$$\gamma \left(t\right)={e}^{-bt}\frac{{t}^{\beta -1}}{\mathrm{\Gamma}\left(\beta \right)},$$

$$\widehat{\gamma}\left(s\right)={(s+b)}^{-\beta},$$

$$\begin{array}{cc}\hfill & {V}_{eff}\left(t\right)=\u0131\hslash \frac{\partial}{\partial t}log\left(\sum _{k=0}^{\infty}{\left(-\u0131\frac{\lambda}{\hslash}\right)}^{k}{t}^{(1-\beta )k}{E}_{1,(1-\beta )k+1}^{-\beta k}\left(-bt\right)\right)-\lambda ,\hfill \end{array}$$

Note that for $b=0$, it follows
which is exactly the same with relation (17), as it should be. Note that truncated M-L and power-law memory kernels are considered in the context of the CTRW theory in [20], where it is shown that such memory kernel is useful to model processes where for short times anomalous subdiffusion exists, which turns to normal diffusion in the long time limit. Similar analysis for the effective potential in case of the truncated M-L memory kernel can be done here.

$$\begin{array}{cc}\hfill & {V}_{eff}\left(t\right)=\u0131\hslash \frac{\partial}{\partial t}log\left(\sum _{k=0}^{\infty}{\left(-\u0131\frac{\lambda}{\hslash}\right)}^{k}\frac{{t}^{(1-\beta )k}}{\mathrm{\Gamma}\left(\right(1-\beta )k+1)}\right)-\lambda ,\hfill \end{array}$$

To summarize, in the present paper we derived a general form of the imaginary effective potential that relates the standard time-dependent Schrödinger equation to the generalized Schrödinger equation with a memory kernel. This provides an alternative mathematical framework for modeling the inelastic scattering-related problems, applicable in a wide variety of low-dimensional quantum systems. For example, dissipative quantum transport in quantum dots, as well as the decaying part in resonant tunneling could be successfully modeled by such imaginary potentials. In this work we also derived explicitly the imaginary potentials for some of the most exploited forms of the memory kernel, such as Dirac delta, power-law, M-L, exponential, truncated power-law. We further expressed the effective potentials in terms of the M-L functions. The importance of the results obtained here is many-fold. At one hand, using the generalized Schrödinger equation with a memory kernel, instead of standard time-dependent Schrödinger equation enables obtaining a closed form solutions, expressed in terms of the M-L and Fox H-functions, which contributes to a more sophisticated and consistent mathematical modeling. On the other hand, the derived imaginary effective potentials upgrade the set of conventional forms of scattering potentials and can be used as input potentials in dissipative transport simulations. Finally, it is worth mentioning that such an approach provides in-depth insight and an interpretation of the considered generalized Schrödinger equation.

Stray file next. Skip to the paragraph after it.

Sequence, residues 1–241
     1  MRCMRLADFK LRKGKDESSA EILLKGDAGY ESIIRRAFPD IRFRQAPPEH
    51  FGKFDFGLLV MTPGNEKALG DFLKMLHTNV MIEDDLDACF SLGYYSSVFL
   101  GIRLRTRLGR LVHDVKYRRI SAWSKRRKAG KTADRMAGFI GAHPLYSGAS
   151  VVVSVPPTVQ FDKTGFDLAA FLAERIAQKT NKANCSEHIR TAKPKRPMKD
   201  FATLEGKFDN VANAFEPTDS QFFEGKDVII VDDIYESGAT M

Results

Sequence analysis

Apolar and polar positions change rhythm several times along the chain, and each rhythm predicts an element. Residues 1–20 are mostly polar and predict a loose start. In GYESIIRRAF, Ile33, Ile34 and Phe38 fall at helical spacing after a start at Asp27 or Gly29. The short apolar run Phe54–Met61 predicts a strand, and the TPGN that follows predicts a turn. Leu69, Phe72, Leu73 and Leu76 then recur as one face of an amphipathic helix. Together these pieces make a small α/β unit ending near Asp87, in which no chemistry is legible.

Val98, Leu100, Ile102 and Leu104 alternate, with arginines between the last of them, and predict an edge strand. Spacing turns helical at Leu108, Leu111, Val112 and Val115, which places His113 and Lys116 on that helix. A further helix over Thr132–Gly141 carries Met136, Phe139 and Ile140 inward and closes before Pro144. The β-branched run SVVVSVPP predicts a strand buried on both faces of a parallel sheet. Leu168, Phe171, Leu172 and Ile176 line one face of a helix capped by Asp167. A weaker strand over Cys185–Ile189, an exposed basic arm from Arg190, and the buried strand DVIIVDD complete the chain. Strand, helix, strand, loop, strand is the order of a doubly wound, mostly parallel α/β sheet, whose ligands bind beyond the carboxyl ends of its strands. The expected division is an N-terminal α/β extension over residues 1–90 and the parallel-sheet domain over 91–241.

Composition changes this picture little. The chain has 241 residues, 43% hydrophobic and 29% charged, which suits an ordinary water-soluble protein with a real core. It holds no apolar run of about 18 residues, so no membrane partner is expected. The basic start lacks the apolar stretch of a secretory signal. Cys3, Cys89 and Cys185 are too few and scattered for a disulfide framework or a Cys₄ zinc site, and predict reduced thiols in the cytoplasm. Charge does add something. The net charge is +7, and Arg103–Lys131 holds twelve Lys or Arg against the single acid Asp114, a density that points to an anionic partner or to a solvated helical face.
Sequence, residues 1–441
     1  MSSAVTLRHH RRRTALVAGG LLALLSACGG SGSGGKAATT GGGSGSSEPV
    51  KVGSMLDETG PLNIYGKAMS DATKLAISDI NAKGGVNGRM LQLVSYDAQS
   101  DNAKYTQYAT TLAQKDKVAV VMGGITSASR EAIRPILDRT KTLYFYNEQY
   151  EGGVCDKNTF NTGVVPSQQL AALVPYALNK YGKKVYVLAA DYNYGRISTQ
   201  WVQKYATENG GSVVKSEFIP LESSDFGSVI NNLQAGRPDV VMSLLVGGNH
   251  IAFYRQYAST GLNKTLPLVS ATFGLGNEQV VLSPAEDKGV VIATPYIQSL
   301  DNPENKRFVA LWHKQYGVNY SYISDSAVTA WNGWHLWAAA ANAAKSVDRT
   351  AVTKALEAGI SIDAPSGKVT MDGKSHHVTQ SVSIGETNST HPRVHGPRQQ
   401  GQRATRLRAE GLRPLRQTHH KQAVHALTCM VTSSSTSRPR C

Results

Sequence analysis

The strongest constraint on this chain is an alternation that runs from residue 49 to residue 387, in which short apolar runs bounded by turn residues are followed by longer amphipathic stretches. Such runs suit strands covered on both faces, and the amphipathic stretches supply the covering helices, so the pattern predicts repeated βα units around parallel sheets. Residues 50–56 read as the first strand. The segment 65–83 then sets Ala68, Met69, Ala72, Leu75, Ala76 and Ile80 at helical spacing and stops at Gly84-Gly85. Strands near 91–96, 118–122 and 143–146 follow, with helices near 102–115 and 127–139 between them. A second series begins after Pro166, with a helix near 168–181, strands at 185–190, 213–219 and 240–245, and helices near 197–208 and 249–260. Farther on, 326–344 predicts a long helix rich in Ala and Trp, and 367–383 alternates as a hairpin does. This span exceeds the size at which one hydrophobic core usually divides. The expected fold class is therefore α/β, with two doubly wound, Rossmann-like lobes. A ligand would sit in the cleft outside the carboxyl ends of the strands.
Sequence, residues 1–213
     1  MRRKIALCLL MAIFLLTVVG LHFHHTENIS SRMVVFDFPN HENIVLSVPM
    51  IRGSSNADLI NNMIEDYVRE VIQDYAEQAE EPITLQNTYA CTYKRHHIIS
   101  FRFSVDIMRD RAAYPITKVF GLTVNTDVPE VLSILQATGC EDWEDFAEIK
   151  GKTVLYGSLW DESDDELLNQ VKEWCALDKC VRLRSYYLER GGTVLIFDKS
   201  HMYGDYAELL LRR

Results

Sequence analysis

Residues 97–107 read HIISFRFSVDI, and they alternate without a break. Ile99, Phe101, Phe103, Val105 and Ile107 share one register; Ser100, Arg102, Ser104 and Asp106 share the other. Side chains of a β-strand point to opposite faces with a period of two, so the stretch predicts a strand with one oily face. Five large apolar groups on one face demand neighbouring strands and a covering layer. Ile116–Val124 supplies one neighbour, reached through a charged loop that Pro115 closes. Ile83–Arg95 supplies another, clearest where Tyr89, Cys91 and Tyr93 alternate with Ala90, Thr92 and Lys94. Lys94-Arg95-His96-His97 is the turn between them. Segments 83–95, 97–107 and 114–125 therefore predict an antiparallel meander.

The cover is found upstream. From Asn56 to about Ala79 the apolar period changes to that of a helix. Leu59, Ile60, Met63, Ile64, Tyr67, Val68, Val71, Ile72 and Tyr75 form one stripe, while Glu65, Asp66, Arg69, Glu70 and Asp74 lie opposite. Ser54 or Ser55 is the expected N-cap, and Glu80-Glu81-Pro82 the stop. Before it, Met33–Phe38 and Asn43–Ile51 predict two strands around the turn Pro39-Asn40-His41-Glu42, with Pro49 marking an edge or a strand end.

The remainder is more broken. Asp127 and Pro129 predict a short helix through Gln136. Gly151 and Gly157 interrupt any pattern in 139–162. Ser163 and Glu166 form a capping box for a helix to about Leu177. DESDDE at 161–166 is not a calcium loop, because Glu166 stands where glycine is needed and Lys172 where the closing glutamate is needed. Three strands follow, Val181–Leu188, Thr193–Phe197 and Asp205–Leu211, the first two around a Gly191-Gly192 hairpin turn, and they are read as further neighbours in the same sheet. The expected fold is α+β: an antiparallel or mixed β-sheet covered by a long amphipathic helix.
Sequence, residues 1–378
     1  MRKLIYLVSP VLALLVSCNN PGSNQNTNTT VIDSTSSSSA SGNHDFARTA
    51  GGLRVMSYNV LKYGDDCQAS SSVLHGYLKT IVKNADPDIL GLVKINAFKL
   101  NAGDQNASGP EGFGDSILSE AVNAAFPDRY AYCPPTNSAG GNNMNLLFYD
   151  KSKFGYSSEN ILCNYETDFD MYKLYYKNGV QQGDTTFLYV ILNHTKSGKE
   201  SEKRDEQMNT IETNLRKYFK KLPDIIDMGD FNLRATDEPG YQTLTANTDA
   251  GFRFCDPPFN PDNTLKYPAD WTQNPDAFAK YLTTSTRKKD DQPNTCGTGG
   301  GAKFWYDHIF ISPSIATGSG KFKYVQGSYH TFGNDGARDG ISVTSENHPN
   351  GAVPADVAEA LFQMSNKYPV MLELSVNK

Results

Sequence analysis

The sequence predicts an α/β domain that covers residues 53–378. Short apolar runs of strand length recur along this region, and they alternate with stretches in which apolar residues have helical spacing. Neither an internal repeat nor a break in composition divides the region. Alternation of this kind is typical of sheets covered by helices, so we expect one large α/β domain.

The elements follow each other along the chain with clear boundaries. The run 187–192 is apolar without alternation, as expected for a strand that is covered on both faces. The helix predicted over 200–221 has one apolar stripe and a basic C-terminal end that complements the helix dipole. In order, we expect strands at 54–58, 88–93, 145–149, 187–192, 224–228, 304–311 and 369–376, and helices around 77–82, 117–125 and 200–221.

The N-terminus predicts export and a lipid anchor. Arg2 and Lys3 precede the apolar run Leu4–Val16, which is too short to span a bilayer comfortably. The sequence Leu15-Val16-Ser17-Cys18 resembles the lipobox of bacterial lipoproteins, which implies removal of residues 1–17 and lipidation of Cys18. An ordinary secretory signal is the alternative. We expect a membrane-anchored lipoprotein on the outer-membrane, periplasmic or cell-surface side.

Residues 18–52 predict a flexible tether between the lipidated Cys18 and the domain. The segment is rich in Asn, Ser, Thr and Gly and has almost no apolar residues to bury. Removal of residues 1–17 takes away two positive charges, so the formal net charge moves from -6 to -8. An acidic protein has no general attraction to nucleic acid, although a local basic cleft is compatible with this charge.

T.S. acknowledges the hospitality and support from the Max Planck Institute for the Physics of Complex Systems in Dresden, Germany.

All authors have contributed equally.

The authors declare no conflict of interest.

Three parameter M-L function is defined by [30]

$${E}_{\alpha ,\beta}^{\delta}\left(z\right)=\sum _{k=0}^{\infty}\frac{{\left(\delta \right)}_{k}}{\mathrm{\Gamma}(\alpha k+\beta )}\frac{{z}^{k}}{k!}.$$

One parameter M-L function ${E}_{\alpha}\left(z\right)$ and two parameter M-L function ${E}_{\alpha ,\beta}\left(z\right)$ are special cases of three parameter M-L function if we use $\beta =\delta =1$ and $\delta =1$, respectively. The Laplace transform to three parameter M-L function is given by [30]

$$\mathcal{L}\left[{t}^{\beta -1}{E}_{\alpha ,\beta}^{\delta}(\pm a{t}^{\alpha})\right]\left(s\right)=\frac{{s}^{\alpha \delta -\beta}}{{\left({s}^{\alpha}\mp a\right)}^{\delta}},\phantom{\rule{1.em}{0ex}}\Re \left(s\right)>{\left|a\right|}^{1/\alpha}.$$

The following relations for the M-L functions hold true [31]

$${E}_{\alpha ,\beta}\left(z\right)=z{E}_{\alpha ,\alpha +\beta}\left(z\right)+\frac{1}{\mathrm{\Gamma}\left(\beta \right)},$$

$$\frac{\mathrm{d}}{\mathrm{d}z}{z}^{\beta}{E}_{\alpha ,\beta +1}\left(a{z}^{\alpha}\right)={z}^{\beta -1}{E}_{\alpha ,\beta}\left(a{z}^{\alpha}\right).$$

For the three parameter M-L function one can use the following formula [32,33,34]
from where it follows ${E}_{\alpha ,\beta}^{\delta}(-z)=\frac{{z}^{-\delta}}{\mathrm{\Gamma}(\beta -\alpha \delta )}$ for $z\to \infty $. For $\delta =1$ follows the known asymptotic formula for two parameter M-L function [35]

$${E}_{\alpha ,\beta}^{\delta}(-z)=\frac{{z}^{-\delta}}{\mathrm{\Gamma}\left(\delta \right)}\sum _{n=0}^{\infty}\frac{\mathrm{\Gamma}(\delta +n)}{\mathrm{\Gamma}(\beta -\alpha (\delta +n\left)\right)}\frac{{(-z)}^{-n}}{n!},\phantom{\rule{1.em}{0ex}}z>1,$$

$${E}_{\alpha ,\beta}(-z)=-\sum _{n=1}^{\infty}\frac{{(-z)}^{-n}}{\mathrm{\Gamma}(\beta -\alpha n)},\phantom{\rule{1.em}{0ex}}z>1.$$